It is a solitary and very territorial tiger, which usually marks trees and rocks to establish its area. Although there are only a few hundred Siberian tigers in their distribution range, they have the advantage of having vast areas available for searching food, an activity to which they dedicate part of the night.
This animal is well-known for its power and strength, which added to a fearsome reputation, stir fear among humans. However, the Siberian tiger avoids contact with people, although it may conflict with them if they are sick, injured or unable to hunt normally.
Siberian tigers can mate at any time of the year as long as they have reached sexual maturity, which occurs around four years of age. Females leave marks of smell and scratches in the trees to let males know they are receptive.
Mating occurs during the 5 or 6 days that both sexes are together. Subsequently, males leave females, and they do not return so that the care of the offspring always rely on the mother. Once pregnant, tigresses expect between 3 and 3.5 months for the birth of the cubs, which are usually 2 to 4 per delivery, although there are cases of litters with 6.
The offspring spend a lot of time playing and feeding until they are 18 months old when they start hunting. However, they separate from their mother until they are 2 or 3 years old.
The IUCN has classified the Siberian Tiger as Endangered.
THREATS AND CONSERVATION
Unfortunately, the Siberian tiger has faced difficult times, full of threats derived mainly from human activities. The International Union for Conservation of Nature (IUCN) has classified the Siberian Tiger as Endangered, but in the 1990s it was Critically Endangered. One of its worst times was in the early twentieth century since in the 1930’s the population fell to about 20-30 individuals. A 2005 census estimated a small population of 360 specimens.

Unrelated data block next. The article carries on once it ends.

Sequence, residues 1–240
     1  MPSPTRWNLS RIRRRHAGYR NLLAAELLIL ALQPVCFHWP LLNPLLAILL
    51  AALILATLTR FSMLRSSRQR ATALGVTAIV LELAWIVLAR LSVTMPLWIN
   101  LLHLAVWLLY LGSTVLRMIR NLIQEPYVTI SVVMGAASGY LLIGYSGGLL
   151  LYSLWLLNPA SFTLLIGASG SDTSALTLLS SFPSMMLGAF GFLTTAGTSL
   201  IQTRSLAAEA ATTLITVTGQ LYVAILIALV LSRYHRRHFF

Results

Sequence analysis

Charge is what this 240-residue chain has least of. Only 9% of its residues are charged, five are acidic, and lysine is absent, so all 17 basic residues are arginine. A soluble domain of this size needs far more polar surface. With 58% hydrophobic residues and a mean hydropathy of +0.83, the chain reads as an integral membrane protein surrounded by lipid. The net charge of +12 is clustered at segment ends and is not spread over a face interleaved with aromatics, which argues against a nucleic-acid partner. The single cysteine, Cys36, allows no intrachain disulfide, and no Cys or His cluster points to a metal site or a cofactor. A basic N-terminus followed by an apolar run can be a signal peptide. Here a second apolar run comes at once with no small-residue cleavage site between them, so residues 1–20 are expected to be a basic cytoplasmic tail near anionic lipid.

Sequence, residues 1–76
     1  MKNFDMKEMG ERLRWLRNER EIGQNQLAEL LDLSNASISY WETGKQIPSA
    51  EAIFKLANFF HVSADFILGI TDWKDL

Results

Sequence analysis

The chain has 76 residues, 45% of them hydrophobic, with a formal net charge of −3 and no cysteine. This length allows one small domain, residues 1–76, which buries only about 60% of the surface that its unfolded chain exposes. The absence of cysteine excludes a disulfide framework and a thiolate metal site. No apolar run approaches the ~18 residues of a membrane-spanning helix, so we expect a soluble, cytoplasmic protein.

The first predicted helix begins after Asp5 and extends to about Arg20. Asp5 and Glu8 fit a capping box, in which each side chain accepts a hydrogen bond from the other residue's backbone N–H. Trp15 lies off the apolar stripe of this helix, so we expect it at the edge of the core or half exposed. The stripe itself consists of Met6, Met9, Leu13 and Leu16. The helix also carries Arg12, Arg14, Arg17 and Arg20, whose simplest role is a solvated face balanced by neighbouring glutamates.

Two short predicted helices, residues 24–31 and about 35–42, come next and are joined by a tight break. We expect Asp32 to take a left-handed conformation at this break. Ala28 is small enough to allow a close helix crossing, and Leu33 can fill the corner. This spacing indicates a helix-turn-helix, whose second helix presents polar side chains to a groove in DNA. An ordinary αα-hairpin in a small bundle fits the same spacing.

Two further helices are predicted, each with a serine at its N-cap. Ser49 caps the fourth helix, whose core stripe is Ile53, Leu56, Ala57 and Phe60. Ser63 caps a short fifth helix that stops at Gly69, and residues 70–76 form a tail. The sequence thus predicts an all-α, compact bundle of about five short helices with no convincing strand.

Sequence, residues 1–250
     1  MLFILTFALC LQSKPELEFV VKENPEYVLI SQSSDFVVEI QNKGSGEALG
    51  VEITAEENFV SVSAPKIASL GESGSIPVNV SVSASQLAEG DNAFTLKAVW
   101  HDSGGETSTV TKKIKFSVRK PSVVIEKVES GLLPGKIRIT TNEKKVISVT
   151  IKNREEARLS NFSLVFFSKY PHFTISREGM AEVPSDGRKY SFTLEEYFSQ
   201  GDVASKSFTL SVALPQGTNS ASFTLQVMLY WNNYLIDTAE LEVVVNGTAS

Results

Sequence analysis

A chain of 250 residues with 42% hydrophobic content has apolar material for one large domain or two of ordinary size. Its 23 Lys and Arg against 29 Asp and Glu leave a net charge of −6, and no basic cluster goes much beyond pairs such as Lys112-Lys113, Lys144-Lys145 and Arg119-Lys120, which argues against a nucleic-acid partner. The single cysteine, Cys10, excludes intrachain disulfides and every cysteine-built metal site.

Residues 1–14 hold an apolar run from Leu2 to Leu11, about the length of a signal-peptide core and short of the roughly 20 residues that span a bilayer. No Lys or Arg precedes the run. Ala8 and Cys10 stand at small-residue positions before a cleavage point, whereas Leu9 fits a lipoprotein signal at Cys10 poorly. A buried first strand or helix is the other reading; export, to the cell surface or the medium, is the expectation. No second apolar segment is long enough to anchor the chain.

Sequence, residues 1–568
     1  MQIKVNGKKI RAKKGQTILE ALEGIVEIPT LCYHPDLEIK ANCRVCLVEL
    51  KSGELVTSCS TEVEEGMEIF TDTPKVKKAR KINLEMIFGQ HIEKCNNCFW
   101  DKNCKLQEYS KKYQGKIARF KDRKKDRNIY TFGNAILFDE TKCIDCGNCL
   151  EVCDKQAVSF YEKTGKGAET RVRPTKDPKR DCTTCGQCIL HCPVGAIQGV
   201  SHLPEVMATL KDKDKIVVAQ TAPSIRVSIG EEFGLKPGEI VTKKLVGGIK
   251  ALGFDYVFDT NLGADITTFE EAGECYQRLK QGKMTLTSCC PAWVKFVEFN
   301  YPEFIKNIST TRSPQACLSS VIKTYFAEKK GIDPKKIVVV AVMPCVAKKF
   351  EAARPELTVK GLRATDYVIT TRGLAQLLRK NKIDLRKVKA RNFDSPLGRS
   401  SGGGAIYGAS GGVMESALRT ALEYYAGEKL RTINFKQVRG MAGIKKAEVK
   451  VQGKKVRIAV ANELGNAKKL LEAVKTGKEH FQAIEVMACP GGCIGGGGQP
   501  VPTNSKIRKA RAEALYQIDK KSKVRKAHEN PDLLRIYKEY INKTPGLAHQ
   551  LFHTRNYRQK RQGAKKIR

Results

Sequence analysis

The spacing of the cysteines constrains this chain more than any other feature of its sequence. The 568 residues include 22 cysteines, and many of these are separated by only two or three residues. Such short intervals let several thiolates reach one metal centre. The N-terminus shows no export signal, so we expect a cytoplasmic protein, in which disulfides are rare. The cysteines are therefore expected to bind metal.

Panthera tigris altaica main risks are habitat loss and poaching with the intention to supply the black market with body parts to use them for medical purposes. On the other hand, poaching of other animal species reduces food sources, which put them into conflict with humans when they attack domestic livestock.
This tiger is included in Appendix I of CITES, in the same group of Animals that are in great danger. Also, the Siberian Tiger Project launched in 1992, based its operation on studies and data collections, and the creation of a conservation plan. In 2010, the governments of Russia and China signed an agreement to improve the conservation of protected areas in the transboundary region.
There are very few accounts Siberian Tigers attacking humans. In 2007 one did escape from a zoo in California and kill a person that had been harassing the tiger throughout the day. This event got a lot of media attention and gave the impression that these particular Tigers seek out feeding upon humans, but that isn’t true at all.
Siberian Tiger Infographic!
(Click for expand)
World of animals. Book of Predators. Imagine Publishing Ltd. 2014. P. 70.
The Great Soul of Siberia: In Search of the Elusive Siberian Tiger. Sooyong Park. HarperCollins UK, 2016.